Market News

Dollar firms before key inflation data, kiwi sinks as RBNZ holds rates - REUTERS

FEBRUARY 28, 2024

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LONDON, Feb 28 (Reuters) - The dollar firmed up on Wednesday as markets awaited a raft of global inflation data for clues on when central banks may start easing policy, while the New Zealand dollar tumbled after its central bank trimmed its forecast for a peak in rates.
The Aussie was also hanging at its lowest in over a week after inflation data came in softer than expected, reinforcing expectations that domestic interest rates are unlikely to increase further.

The data calendar looks light on Wednesday so analysts said markets would likely be focusing on consumer inflation data from the U.S., Germany, France and Spain on Thursday ahead of euro area figures due on Friday.

"There's more chance of disinflation ongoing in the euro area, which perhaps could open the door for an earlier cut from the European Central Bank," said Danske Bank FX and rates strategist Mohamad Al-Saraf.

"We think if inflation is stickier in the U.S. than it is in the euro area then the dollar has to be strong."

Higher-than-forecast inflation in the U.S. has prompted markets to trim bets on the number of rate cuts expected from the Federal Reserve this year, while the chance of a cut in June now stands at around 60%. At the start of the year, markets were almost fully pricing a rate cut in March.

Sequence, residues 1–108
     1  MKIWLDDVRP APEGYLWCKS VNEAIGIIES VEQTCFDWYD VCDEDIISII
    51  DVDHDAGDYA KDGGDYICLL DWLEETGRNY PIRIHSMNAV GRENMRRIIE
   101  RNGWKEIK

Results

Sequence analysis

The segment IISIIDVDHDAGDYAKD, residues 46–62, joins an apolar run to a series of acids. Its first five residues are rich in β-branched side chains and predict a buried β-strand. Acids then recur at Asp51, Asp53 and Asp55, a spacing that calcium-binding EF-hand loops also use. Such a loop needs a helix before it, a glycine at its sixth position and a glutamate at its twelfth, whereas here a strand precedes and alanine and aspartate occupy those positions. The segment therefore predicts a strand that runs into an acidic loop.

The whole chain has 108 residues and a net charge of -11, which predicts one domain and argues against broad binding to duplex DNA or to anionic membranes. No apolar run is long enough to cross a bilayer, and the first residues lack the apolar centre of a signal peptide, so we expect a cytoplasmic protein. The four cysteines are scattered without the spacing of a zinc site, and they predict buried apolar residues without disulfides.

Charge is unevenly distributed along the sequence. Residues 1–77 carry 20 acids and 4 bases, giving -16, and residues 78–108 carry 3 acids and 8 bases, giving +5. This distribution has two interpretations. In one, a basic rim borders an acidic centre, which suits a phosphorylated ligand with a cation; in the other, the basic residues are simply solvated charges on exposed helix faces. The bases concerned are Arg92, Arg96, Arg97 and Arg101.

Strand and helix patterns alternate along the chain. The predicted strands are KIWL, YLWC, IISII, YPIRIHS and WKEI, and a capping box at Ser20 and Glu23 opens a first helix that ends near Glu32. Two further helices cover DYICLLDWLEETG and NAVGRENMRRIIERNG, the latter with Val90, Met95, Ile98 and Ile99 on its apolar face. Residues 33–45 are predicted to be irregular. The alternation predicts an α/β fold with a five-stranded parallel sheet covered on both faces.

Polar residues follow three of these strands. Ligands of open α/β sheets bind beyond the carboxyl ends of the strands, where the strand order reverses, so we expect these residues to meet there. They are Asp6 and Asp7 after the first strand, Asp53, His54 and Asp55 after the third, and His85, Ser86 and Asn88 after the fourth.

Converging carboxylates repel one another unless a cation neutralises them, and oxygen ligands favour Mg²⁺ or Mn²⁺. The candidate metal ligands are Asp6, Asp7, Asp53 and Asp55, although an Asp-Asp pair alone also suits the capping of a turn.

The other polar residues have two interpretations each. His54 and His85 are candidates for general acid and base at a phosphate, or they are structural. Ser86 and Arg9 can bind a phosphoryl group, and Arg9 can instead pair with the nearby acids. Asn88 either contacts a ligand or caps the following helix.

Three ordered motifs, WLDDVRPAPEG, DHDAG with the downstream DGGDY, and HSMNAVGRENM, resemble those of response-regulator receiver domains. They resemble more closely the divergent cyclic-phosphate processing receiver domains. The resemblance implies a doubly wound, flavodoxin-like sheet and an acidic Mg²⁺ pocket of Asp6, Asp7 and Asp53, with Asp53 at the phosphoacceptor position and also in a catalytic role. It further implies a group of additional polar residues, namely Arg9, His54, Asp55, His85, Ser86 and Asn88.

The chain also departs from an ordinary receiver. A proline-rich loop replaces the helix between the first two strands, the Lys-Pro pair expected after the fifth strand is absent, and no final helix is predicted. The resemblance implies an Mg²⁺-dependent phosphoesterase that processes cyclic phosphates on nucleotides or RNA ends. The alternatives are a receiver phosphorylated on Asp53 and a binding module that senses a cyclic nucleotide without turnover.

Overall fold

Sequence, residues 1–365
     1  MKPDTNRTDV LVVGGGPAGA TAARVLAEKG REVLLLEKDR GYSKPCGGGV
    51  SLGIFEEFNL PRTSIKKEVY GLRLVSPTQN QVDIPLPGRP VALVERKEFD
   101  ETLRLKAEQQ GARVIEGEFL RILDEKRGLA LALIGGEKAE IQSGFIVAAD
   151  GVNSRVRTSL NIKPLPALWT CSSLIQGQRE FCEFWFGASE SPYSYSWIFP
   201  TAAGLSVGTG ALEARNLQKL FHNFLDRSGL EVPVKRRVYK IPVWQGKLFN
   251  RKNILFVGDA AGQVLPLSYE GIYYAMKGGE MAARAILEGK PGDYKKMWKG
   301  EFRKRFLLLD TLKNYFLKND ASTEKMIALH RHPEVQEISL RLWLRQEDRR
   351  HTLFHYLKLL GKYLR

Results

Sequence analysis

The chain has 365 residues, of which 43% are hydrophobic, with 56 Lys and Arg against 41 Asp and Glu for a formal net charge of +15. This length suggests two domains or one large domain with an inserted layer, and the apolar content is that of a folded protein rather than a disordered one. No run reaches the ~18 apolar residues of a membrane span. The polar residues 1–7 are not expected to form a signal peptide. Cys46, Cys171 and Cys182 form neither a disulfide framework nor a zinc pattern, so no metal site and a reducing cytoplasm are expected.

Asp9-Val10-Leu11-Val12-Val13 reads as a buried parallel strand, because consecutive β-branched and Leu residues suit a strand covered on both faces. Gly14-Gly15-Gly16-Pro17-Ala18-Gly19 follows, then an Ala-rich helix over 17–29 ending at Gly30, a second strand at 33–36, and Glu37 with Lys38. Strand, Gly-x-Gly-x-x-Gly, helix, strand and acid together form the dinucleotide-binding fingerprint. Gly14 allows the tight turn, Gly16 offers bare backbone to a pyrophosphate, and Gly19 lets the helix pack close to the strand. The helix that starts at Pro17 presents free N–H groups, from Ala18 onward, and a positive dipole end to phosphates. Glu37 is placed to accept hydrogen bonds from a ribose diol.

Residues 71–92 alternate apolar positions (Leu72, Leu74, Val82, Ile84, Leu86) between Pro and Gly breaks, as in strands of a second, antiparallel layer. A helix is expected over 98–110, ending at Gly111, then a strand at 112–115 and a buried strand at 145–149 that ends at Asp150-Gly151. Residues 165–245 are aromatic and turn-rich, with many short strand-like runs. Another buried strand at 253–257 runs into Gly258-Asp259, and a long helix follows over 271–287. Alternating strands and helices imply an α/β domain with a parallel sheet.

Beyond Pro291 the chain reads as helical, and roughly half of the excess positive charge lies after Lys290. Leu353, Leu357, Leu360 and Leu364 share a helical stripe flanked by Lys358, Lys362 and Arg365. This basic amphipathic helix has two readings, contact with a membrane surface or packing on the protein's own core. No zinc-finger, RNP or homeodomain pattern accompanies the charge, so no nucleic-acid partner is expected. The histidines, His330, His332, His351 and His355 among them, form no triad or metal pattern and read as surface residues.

That repricing has pushed the U.S. currency higher in 2024, including against the euro . The single currency was last down 0.4% against the dollar at $1.0804.

The dollar index , which measures the currency against six others including the euro, was last up 0.3% at 104.20, having risen 2.8% year-to-date. With market expectations more closely aligned with the Fed's latest projections and comments, traders would only respond if they see a trend break in tier one data, especially anything "hinting at growth weakness," said Charu Chanana, head of currency strategy at Saxo. 

New Zealand's central bank held the cash rate steady at 5.5%, catching markets by surprise as policymakers said the risks to the inflation outlook have become more balanced. The RBNZ also trimmed its forecast cash rate peak to 5.6% from a previous projection of 5.7%. "With a cash rate at 5.5%, the 10 basis points of wriggle room is simply there to remind us that they'll hike if they need to but the bias is that they probably won't," said Matt Simpson, senior market analyst at City Index. The kiwi slid over 1% to its lowest since Feb. 16 at $0.6100 in response. 

The Australian dollar also fell after data showed inflation at an annual pace of 3.4% in January, unchanged from December and under market forecasts of 3.6%. Although inflation remains above the Reserve Bank of Australia's (RBA) 2-3% target, "it is close enough to expect the RBA to hold rates steady," said Simpson. 

The Aussie was last down 0.7% at $0.6500. Elsewhere, sterling weakened to $1.2638, down 0.4%, while the yen slipped 0.2% versus the greenback to 150.77. "We've seen in the past when dollar-yen trades above 150 that authorities start to give increased attention to the currency," Danske Bank's Al-Saraf said. "But I would say right now there's probably not intervention risk unless we see a sharp move in the yen again." In cryptocurrencies, bitcoin was last up over 4% at $59,200, extending to its highest level since November 2021. Ether rose 2% to $3,320.

Reporting by Samuel Indyk and Brigid Riley; Editing by Richard Chang, Sam Holmes and Toby Chopra


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